Antonia Faulkner
Jan 9, 2024

If the shoe (doesn’t) fit: why advertisers need to embrace the evolution of streaming

As the world of SVOD continues to innovate, how advertisers can best leverage this may seem daunting, but there is a key to thriving amidst the chaos – welcoming change.

If the shoe (doesn’t) fit: why advertisers need to embrace the evolution of streaming
Amazon’s understanding of consumer preferences is impressive – a principle that extends to its growing streaming service, Prime Video. As we kick off this year, Prime is introducing an ad-funded tier as part of a wider strategy to expand subscribers’ options (both new and existing) to access its content catalogue.
 
Amazon isn’t the only subscription video-on-demand (SVOD) service set to shake up its model, with Disney+ and Netflix also investing in the potential of ad-tiers as an additional tool to drive subscriptions.
 
With ad tiers, users get greater flexibility and control over how they interact with content. Those working to a budget can opt-in to cheaper deals and people willing to pay more can opt for a fully (or mostly) ad-free experience.
 
Zoom out further and we see that in a world defined by convenience, the ‘one size fits all’ model is being challenged… and advertisers need to respond.
 
No ‘one’ streamer
 
Who is a streamer? Ask your gut and it’s maybe city-dwelling twenty-somethings, or culture vulture millennials. Ask the data? Well, things get a little more complicated.
 
Older people are flocking to streaming services, according to Ofcom. Our own data at Samsung shows that 72% of Samsung Smart TVs are used to stream, at least in part. So maybe not everyone is a streamer, but the audience definitely stretches beyond just Gen Zers and millennials, making it a far more diverse group than often perceived.
 
Even within streamers, there’s differences in how they stream. At Samsung, we talk about streaming-only, light-linear, and heavy-linear viewers – and that’s just the streaming/linear divide on our TVs alone. So it’s clear that it’s not about ‘young people’ or ‘people with more disposable income’ or whatever tends to be thought about streamers. Put simply, streaming has become integrated into our habits and today, what’s needed from providers is flexible offerings that suit viewers’ diverse range of needs and use-cases.
 
No ‘one’ streaming service
 
And this is where things are really heating up. Amazon’s foray into an ad subscription tier is especially interesting given it has a free streaming service in FreeVee. But this isn’t overkill, it provides choice, something we’ve established consumers’ need.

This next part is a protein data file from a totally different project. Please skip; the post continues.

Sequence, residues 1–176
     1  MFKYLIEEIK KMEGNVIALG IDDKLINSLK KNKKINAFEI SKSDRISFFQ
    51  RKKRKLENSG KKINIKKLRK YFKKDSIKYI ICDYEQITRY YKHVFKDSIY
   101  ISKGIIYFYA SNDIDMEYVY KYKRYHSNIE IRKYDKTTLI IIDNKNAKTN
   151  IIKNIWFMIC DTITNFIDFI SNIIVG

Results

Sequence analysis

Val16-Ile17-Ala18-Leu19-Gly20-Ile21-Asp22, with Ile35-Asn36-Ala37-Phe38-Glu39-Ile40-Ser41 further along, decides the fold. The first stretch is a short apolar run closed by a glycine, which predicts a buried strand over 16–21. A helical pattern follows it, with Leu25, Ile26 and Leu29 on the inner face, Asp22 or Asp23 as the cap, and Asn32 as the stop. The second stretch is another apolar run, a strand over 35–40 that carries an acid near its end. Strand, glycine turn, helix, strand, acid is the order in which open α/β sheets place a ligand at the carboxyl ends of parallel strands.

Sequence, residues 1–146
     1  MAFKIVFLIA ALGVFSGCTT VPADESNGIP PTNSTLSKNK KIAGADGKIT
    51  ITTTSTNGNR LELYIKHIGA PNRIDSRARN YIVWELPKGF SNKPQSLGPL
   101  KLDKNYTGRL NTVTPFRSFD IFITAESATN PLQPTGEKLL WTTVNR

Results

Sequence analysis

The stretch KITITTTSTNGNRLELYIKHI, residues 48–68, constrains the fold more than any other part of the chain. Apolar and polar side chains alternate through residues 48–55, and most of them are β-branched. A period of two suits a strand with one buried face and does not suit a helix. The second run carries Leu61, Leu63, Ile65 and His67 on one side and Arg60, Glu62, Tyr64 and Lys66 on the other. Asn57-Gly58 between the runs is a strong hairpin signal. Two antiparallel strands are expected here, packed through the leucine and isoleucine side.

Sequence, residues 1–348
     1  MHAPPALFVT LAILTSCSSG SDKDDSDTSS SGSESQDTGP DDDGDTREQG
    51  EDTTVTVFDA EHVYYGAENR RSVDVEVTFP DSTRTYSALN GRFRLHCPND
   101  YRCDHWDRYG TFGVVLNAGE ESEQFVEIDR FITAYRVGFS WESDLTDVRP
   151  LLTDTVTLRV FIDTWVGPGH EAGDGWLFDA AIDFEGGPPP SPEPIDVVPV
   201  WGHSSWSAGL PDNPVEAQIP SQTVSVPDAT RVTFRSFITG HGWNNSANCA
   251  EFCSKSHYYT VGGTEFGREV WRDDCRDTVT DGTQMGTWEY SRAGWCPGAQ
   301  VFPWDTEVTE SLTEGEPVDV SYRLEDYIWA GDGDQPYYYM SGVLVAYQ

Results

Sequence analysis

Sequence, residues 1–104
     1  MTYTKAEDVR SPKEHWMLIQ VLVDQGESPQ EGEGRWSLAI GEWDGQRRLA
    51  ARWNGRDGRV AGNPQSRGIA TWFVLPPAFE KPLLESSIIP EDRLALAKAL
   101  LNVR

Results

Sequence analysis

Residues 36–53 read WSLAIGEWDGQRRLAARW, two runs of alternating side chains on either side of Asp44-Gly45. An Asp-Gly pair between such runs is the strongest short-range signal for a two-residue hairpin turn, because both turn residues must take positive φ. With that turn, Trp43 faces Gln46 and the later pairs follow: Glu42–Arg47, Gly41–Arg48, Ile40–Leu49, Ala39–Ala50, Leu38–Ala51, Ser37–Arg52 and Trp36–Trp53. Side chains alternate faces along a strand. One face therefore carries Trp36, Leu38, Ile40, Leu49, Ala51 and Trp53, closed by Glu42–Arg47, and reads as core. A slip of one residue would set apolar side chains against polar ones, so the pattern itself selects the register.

Personally, I subscribe to Apple TV, pay extra to let my family use my Netflix account, watch FreeVee content and of course enjoy channels on Samsung TV Plus. Most people not only want but need these varied options for the different ways they want to connect with content.
 
All of the streamers are finding new ways to package their content and it makes some of our beloved industry acronyms redundant. Prime isn’t really SVOD, but it’s also not AVOD. Please, nobody try me with the all-encompassing (and therefore meaningless) Hybrid-VOD. It’s just something new.
 
Implementing ad-funded tiers into subscription frameworks is the first step to breaking down the barriers to entry, ensuring more audiences cross over into the world of streaming. In turn, this is expanding the opportunities for brands to forge relationships with the sought-after streaming consumers.
 
No ‘one’ ad format
 
It’s not just streamers and streaming services that benefit from acknowledging that many options are useful for modern viewers. Opening up the streaming airwaves means brands can branch out from the traditional 30-second linear spots and deliver their messaging to high-value, relevant audiences, regardless of their TV preferences.
 
Not only can addressable ads sit against streaming content – seen by audience members that brands know haven’t already been exposed to their linear ad – but brands can advertise across the whole TV.
 
Look at Samsung Ads’ Sponsored Row, which allows content owners to promote specific programmes with relevant audiences directly below the recommended row. It helps to improve engagement opportunities and beyond that, there are other smart screen homepage opportunities, game hub opportunities and more.
 
Amazon prides itself on staying up-to-date on the consumer zeitgeist. Its decision to introduce ad-funded tiers isn’t an attempt to keep up with Netflix and Disney+. It’s just accepting the reality that the ‘one size fits all’ mentality should be left in the past.
 
The new streaming landscape is a win, win, win. Streamers have the chance to engage with platforms in a way that suits them. Streaming services get to widen access to premium content and drive viewership. And advertisers can more flexibly invest in their long-term pursuit of cracking ‘hard-to-reach’ streaming audiences – win, win, win.
 

 
 
By Antonia Faulkner
Head of marketing & analytics, Europe & APAC, Samsung Ads
Source:
Performance Marketing World

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